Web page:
Commercial Cloud and Web services datacenters can use the BMC design on their selected components, and achieve the rewards of reduced upgrade costs and increase datacenter availability, while improving their computing infrastructure capability and MTTR.

 

REFERENCES:

1.  "The Open19 Project.” 2017 OPEN19 Foundation. 30 January 2018. https://www.open19.org/

 

2.   Luo, Kevin. “Blind mating supports energy system installation and maintenance.” Harting Technology, Newsletter, 30 January 2018. https://www.harting.com/DE/en-gb/markets/blind-mating-supports-energy-system- installation-and-maintenance

 

3.   Kangovi, Rakshan. “What equipment is needed to run a data center?” Quora, Oct 21 2017. https://www.quora.com/What-equipment-is-needed-to-run-a-data-center

 

4.   MIL-S-901D, Shock Tests, H.I. (High-Impact) Shipboard Machinery, Equipment, and Systems, Requirements, 17 March 1989.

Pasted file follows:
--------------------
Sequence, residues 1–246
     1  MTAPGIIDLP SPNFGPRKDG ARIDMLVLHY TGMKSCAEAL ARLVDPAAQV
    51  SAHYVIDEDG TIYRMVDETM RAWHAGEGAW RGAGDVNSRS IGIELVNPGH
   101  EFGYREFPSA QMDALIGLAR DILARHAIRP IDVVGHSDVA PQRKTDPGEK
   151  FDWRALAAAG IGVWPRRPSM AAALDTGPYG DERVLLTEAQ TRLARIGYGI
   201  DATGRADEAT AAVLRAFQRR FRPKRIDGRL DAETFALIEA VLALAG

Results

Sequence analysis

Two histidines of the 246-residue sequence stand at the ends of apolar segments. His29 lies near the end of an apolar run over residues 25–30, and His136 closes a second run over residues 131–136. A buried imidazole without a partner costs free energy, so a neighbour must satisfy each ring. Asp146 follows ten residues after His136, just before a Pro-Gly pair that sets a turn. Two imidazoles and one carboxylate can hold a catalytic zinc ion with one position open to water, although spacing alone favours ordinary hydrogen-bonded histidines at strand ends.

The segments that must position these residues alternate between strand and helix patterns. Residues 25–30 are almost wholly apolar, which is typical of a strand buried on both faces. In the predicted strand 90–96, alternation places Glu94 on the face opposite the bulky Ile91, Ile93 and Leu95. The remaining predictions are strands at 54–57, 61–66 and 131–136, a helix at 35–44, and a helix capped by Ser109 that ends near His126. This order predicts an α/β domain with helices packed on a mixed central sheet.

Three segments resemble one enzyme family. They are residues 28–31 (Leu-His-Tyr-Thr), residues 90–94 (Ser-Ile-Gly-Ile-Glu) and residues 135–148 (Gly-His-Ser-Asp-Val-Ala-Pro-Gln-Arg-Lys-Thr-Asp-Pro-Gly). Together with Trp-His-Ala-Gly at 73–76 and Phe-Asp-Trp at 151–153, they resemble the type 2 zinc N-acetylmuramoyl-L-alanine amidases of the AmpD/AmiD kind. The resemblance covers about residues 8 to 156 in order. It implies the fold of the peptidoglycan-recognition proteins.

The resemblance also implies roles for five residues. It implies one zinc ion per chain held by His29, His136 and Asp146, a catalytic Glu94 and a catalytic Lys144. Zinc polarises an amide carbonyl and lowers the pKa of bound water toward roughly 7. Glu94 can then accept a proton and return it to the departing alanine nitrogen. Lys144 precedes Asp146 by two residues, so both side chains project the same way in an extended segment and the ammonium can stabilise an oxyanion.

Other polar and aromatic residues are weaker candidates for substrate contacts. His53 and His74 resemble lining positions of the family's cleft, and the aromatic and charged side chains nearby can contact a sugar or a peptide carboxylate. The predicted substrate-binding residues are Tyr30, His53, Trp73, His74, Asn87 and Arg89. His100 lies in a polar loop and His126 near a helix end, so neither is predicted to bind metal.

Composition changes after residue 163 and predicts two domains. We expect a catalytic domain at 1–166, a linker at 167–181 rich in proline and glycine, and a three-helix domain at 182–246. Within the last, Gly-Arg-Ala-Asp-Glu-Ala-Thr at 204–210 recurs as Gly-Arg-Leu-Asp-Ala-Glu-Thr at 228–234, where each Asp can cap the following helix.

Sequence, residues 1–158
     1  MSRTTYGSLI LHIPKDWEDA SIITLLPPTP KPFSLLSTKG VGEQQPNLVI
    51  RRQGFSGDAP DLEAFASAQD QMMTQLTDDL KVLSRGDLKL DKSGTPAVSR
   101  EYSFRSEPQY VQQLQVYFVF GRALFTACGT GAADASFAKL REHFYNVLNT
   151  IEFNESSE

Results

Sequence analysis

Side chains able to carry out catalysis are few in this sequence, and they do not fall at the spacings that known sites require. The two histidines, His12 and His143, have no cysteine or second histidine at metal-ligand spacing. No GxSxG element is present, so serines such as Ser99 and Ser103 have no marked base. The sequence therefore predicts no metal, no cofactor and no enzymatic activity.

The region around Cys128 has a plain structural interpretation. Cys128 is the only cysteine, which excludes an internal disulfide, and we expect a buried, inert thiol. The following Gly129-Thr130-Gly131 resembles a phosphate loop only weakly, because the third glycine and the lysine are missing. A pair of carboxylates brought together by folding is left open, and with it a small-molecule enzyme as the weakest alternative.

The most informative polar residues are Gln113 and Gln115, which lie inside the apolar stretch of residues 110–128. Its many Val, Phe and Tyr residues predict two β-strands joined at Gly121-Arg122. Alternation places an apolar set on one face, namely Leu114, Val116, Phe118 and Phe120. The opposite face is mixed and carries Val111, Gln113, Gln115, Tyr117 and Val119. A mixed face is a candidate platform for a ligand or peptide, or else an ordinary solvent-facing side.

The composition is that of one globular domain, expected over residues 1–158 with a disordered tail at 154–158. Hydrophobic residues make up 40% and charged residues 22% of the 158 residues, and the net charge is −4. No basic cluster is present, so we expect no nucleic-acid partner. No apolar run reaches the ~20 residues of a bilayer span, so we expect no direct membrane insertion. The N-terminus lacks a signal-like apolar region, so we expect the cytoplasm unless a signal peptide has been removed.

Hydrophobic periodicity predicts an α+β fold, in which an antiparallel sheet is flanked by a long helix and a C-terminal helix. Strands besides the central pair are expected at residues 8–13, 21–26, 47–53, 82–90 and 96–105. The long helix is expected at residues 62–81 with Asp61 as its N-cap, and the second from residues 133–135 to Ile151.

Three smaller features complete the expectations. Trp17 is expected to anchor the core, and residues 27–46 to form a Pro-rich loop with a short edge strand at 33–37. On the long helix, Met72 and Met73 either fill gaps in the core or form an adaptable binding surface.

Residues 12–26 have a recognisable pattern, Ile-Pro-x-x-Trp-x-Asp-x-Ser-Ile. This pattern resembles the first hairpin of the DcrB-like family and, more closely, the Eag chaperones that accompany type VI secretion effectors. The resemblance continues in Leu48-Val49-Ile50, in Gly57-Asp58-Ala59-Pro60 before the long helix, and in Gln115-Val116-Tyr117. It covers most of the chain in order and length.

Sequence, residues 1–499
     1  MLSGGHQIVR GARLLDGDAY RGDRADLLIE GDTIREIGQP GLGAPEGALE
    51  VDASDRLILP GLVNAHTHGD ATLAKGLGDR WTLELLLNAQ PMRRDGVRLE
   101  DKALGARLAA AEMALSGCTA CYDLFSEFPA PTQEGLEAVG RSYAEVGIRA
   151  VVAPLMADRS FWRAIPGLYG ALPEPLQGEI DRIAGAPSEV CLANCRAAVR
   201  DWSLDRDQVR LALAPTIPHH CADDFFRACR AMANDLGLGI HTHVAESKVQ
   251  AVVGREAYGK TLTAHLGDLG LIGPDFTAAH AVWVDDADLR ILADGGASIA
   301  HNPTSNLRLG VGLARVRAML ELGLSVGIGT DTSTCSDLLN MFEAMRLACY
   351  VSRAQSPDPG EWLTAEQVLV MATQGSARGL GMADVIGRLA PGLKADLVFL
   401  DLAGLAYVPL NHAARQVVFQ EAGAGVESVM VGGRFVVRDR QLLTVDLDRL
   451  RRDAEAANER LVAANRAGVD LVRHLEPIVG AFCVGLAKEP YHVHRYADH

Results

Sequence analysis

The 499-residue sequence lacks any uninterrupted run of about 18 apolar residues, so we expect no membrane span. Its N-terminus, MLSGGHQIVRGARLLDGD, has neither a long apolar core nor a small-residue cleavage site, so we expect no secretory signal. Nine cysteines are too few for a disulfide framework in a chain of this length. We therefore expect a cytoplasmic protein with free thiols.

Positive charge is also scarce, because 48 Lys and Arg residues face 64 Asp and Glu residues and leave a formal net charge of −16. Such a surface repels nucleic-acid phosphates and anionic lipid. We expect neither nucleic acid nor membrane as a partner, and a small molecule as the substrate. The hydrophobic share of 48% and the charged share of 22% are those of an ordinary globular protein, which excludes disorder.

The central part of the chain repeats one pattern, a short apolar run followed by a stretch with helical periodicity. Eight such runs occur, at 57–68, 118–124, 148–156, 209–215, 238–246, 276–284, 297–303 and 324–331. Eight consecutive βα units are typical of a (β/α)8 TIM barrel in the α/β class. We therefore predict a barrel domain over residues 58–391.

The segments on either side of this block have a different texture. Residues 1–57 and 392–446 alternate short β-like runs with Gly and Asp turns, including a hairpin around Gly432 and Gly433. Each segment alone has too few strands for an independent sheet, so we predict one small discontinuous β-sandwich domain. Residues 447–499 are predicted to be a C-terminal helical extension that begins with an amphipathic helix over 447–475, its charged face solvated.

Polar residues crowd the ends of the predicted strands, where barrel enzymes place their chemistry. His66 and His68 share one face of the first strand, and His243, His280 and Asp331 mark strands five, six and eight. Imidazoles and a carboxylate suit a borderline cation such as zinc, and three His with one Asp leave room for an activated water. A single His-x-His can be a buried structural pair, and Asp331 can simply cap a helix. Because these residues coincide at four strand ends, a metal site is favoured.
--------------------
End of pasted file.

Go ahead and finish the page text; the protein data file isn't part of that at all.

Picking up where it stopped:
5.   MIL-STD-461G, Requirements for the Control of Electromagnetic Interference Characteristics of Subsystems and Equipment, 11 December 2015.

 

6.  MIL-STD-810G, Environmental Engineering Considerations and Laboratory Tests, 15 April 2009.

 

7.   MIL-STD-167-1A, Mechanical Vibrations of Shipboard Equipment (Type I- Environmental, and Type-II- Internally Excited), 02 November 2005.

 

8.   MIL-STD-1399 SECTION 300B -- DoD INTERFACE STANDARD, ELECTRIC POWER, ALTERNATING CURRENT, 24 April 2008.

 

9.   DOD STD-1399 Section 301A, DoD Interface Standard for Shipboard Systems, Section 301A, Ship Motion and Attitude, 21 July 1986.

 

KEYWORDS: Blind Mating Connector for Computers; 19-inch EIA Standard Server Rack; Datacenter Components; Self-aligning Computer Connectors; Optical fiber Connectors; SFP Connectors

 

TPOC-1:

Kanoko Esheim

Phone:

805-228-5842

Email:

kanoko.esheim@navy.mil

 

TPOC-2:

William Pedler

Phone:

540-653-7932

Email:

william.pedler@navy.mil

 

** TOPIC NOTICE **